Handbook on the Rule of Law
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Handbook on the Rule of Law

Edited by Christopher May and Adam Winchester

The discussion of the norm of the rule of law has broken out of the confines of jurisprudence and is of growing interest to many non-legal researchers. A range of issues are explored in this volume that will help non-specialists with an interest in the rule of law develop a nuanced understanding of its character and political implications. It is explicitly aimed at those who know the rule of law is important and while having little legal background, would like to know more about the norm.
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Chapter 7: The rule of law in inter-national relations: Contestation despite diffusion–diffusion through contestation

Antje Wiener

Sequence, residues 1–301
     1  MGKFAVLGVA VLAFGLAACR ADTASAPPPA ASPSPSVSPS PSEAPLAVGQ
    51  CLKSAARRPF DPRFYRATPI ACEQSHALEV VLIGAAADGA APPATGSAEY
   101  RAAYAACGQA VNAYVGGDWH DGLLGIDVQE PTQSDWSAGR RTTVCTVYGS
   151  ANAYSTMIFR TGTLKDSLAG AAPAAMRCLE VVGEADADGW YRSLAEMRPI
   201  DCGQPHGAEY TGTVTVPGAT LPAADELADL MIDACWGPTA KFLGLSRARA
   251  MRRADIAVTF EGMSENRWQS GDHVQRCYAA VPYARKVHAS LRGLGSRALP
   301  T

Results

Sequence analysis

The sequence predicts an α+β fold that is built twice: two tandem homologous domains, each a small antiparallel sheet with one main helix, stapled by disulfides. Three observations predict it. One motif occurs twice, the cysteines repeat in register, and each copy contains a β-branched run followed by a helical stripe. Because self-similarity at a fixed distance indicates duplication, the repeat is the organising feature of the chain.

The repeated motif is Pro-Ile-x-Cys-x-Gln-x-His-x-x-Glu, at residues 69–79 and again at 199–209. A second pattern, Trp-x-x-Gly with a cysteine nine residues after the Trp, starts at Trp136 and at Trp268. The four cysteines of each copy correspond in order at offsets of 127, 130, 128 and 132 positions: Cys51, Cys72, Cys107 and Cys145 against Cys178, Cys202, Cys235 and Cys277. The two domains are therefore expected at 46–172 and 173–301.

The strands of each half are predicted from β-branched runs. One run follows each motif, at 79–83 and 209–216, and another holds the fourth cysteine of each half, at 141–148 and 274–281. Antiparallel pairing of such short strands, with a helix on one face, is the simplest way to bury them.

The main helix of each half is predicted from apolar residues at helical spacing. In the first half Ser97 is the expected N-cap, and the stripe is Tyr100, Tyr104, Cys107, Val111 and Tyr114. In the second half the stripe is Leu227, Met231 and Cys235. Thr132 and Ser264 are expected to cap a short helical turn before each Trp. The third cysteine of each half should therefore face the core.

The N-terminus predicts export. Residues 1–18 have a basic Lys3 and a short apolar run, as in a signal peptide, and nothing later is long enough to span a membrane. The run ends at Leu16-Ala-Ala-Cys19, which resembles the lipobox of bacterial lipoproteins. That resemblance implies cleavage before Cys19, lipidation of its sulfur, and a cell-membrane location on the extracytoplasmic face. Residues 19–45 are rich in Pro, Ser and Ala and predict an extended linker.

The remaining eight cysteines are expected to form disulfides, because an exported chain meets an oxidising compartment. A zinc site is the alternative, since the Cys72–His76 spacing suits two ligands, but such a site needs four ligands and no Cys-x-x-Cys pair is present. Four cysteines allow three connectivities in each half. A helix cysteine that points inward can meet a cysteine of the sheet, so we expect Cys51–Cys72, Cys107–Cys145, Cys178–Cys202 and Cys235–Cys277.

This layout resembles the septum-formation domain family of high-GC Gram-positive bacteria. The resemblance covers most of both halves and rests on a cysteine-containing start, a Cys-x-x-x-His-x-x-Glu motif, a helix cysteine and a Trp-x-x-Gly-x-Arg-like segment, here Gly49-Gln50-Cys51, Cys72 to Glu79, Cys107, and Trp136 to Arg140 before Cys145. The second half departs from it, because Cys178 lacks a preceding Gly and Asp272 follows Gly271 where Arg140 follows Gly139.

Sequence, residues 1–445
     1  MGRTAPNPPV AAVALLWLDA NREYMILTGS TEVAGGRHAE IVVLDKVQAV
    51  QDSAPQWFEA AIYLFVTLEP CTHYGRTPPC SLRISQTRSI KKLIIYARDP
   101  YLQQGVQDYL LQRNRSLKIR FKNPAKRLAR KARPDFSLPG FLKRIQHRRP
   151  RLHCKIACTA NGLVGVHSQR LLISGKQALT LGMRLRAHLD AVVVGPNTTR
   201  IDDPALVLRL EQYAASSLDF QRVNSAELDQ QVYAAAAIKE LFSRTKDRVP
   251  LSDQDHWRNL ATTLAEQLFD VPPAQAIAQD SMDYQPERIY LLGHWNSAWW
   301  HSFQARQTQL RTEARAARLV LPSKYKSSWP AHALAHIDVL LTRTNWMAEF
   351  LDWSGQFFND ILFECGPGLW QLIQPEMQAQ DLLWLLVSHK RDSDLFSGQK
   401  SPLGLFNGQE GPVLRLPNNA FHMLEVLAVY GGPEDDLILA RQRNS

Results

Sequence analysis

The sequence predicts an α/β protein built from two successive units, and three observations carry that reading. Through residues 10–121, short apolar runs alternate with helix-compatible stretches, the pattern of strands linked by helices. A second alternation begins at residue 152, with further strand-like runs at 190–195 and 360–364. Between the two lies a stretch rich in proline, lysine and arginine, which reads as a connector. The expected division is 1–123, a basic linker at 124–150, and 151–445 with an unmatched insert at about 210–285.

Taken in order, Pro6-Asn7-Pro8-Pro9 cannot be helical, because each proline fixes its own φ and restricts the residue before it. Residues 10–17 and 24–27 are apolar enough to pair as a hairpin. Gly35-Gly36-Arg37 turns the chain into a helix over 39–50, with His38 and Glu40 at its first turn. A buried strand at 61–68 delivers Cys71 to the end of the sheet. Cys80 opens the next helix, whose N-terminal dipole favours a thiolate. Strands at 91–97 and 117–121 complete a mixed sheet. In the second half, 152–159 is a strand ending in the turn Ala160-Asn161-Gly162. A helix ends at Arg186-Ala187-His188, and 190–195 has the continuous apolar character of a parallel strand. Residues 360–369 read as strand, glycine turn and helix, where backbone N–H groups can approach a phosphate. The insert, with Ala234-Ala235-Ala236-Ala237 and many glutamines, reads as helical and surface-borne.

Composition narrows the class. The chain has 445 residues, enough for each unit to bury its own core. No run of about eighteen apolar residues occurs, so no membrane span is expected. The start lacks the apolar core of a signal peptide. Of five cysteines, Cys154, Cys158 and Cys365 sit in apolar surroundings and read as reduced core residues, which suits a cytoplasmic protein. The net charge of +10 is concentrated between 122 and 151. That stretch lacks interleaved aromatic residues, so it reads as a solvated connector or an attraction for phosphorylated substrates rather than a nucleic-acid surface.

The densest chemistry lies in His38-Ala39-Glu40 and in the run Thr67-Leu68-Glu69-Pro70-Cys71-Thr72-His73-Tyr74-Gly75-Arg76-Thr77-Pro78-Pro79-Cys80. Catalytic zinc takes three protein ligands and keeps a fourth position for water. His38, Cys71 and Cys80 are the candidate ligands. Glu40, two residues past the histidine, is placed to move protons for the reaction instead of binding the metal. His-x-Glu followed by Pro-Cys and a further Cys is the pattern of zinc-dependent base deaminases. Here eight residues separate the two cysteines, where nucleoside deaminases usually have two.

This chapter discusses the rule of law as fundamental norm of global governance. Like most such norms, its universal validity claim is globally well diffused, yet locally contested. Despite high recognition in the global realm, a norm’s impact never corresponds with its cover. It is as much a common sense among international lawyers that a norm’s acceptance grows with the degree of elusiveness, as it is a shared wisdom among International Relations (IR) theorists that a norm’s acceptance depends on social recognition. This is unlikely to change. Universal validity claims never fit seamlessly in environments where they stand to be implemented. They are continuously challenged through the mobilisation of particularistic validity claims. How contested meanings of norms play out thus remains a central issue of global governance. While there is a growing IR literature taking into account cultural background experience, this literature remains notably silent on norms. This has left a gap between norms as a subject of legal studies and the cultural generation of knowledge as a subject of sociology or cultural studies. This chapter proposes a framework for norms research to account for these everyday practices.

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